The key point here is that the huge transfer of funds from the public sector to private control, as a result of tax cuts on corporations and wealthy individuals, has led to the inability for even states such as California, which arguably want to, to provide the basic health and social safety net for its most needy citizens. This is precisely the result that advocates of these programs want, to “choke” government, and precisely the impact on the poor that would be predicted. Meanwhile, at the local, state and federal level, tax “relief”, in terms of both cuts and direct giveaways to major industries, continue to support the least needy.

At the same time (February 20, 2013), Time magazine has published an amazing exposé by Steven Brill of the ridiculous over-pricing and capricious billing done by US hospitals, Bitter Pill: Why Medical Bills are Killing Us”. It is a long and through article, citing case after case and example after example, of how the current system of billing and reimbursement in health care, and particularly in hospitals costs a fortune, is sapping the economy overall. And, of course, the burden falls hardest on those who are either uninsured or poorly insured, and are billed “list” prices, which are much higher than those paid by either public (Medicare or Medicaid) or private (eg., Blue Cross, Aetna) insurers. MUCH higher. Often dozens of times higher. A few examples that he cites:
  • A troponin (blood test for a heart attack) test billed to an uninsured patient at $199. Medicare pays $14; a CBC (blood count) billed $157 when Medicare pays $11.
  • A nuclear heart scan for which Medicare pays $554 billed at $8,000.
  • A Medtronic spinal stimulator that lists for $19,000 from the manufacturer (if the hospital paid full list) billed to the patient for $49,000.

The article is good investigative journalism, and goes beyond such simple examples to look at the entire structure of the health system’s payment mechanism, including the incentives to do more and more (even when unnecessary or possible even harmful) expensive – and high profit – tests and procedures. It looks at enormous hospital profit margins and salaries of “C-suite” executives: “…in our largest cities, the system offers lavish paychecks even to midlevel hospital managers, like the 14 administrators at New York City’s Memorial Sloan-Kettering Cancer Center who are paid over $500,000 a year, including six who make over $1 million.” (Of course, salaries in the measly low one-digit millions pale before the incomes of those in the pharmaceutical industry!) It helps us to understand both why costs are so high and why programs that limit payment, like Medicare and Medicaid, are so hated/fear/despised by hospital administrators.

The hospitals may well be taking a loss on Medicaid/Medicare reimbursement, because “Medicare takes seriously the notion that nonprofit hospitals should be paid for all their costs but actually be nonprofit after their calculation.”  But while “Hospital finance people argue vehemently that Medicare doesn’t pay enough and that they lose as much as 10% on an average Medicare patient...even if the Medicare price should be, say, 10% higher, it’s a long way from $11.02 plus 10% to $157.61.”  The thing is that they “need” to make more because, although “non-profit” they make big profits – they just don’t share them with stockholders. “…thousands of nonprofit institutions have morphed into high-profit, high-profile businesses that have the best of both worlds. They have become entities akin to low-risk, must-have public utilities that nonetheless pay their operators as if they were high-risk entrepreneurs.”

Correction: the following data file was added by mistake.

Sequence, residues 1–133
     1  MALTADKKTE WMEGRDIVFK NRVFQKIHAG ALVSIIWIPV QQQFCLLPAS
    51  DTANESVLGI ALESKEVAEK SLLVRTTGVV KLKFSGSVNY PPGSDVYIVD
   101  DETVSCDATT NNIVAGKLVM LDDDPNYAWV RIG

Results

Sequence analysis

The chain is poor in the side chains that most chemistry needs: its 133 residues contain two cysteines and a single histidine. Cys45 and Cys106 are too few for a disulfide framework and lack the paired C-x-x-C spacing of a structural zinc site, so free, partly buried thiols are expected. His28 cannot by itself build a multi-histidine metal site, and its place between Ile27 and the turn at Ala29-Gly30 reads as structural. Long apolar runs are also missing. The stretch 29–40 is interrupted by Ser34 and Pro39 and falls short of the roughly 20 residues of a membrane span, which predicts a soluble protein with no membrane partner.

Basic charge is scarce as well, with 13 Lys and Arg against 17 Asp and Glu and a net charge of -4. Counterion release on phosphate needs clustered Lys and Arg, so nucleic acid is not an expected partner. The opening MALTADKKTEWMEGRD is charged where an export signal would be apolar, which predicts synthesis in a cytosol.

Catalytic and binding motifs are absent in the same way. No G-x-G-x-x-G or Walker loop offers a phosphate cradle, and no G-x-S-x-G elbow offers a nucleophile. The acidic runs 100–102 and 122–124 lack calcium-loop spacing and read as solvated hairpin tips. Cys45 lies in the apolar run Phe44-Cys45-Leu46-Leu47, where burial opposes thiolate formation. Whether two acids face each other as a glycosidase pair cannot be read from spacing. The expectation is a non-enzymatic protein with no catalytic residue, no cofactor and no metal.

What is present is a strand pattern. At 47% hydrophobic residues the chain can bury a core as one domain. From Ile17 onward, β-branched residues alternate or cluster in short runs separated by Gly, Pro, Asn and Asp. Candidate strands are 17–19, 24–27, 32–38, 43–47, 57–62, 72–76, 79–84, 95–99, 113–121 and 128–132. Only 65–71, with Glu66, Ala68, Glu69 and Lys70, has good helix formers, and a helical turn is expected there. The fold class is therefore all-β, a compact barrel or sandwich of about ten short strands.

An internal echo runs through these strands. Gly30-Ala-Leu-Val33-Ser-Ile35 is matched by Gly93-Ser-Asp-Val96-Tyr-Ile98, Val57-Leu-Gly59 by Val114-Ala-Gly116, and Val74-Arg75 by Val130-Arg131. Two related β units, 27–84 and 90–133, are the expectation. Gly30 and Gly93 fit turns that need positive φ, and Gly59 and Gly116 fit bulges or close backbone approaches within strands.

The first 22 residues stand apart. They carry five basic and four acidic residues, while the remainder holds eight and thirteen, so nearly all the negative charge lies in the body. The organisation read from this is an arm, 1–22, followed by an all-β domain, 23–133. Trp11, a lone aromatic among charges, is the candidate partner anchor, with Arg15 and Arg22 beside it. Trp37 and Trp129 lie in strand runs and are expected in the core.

What was interesting to me is that most of the patients who received those outrageous bills above were neither unemployed nor uninsured (although the one who was uninsured had the misfortune of being 64 rather than 65, so paid the $199 for her troponin instead of Medicare paying the $14). Rather, they were employed in low wage jobs and had lousy insurance, with very low per-visit, per-year, or lifetime caps and were treated by the hospitals as if they were uninsured (“’We don’t take that kind of discount insurance’ said the woman at MD Anderson [Cancer Center]” when Stephanie Recchi called to make an appointment for Sean; they needed to come up with $48,900 cash up front – and that was just the down payment!). So all estimates about the burden on the uninsured need to be augmented by the impact on the under-insured.
Dr. McCanne’s incisive comment on the two articles notes that while “We have said over and over again that Medicaid, as a welfare program, will never have the political support to fund it adequately. The burden of the additional load of Medicaid patients will surely find the health care resources strained beyond the capacity of willing providers, especially when you consider that California already is not meeting the costs of providing care to this vulnerable population…

"Here's an amazing fact: Low income patients do not have the money to pay for health care. (What an intuitive stroke of genius!) What they need is an affordable system that removes financial barriers to care while ensuring adequate financing of our entire health care delivery system, thereby removing health system disincentives to providing essential care for this vulnerable population. Make that for all of us.”

All of the nonsensical billing and collecting issues that are so horrifyingly reported on by Brill do not need to occur. The simple answer is that there should be a single, posted, price for each item or service and everyone is billed at and pays (or their insurance pays) the same amount. This is the situation in Canada, where fees for physicians are negotiated annually with the provinces and hospitals operate within a global budget. Probably fewer millionaire hospital administrators, but of course creating them should not be the goal of the money we spend on health care.

No poorly-insured, well-insured, uninsured, Medicaid-insured or Medicare insured. Just everyone covered. Simple, clean, elegant, and effective.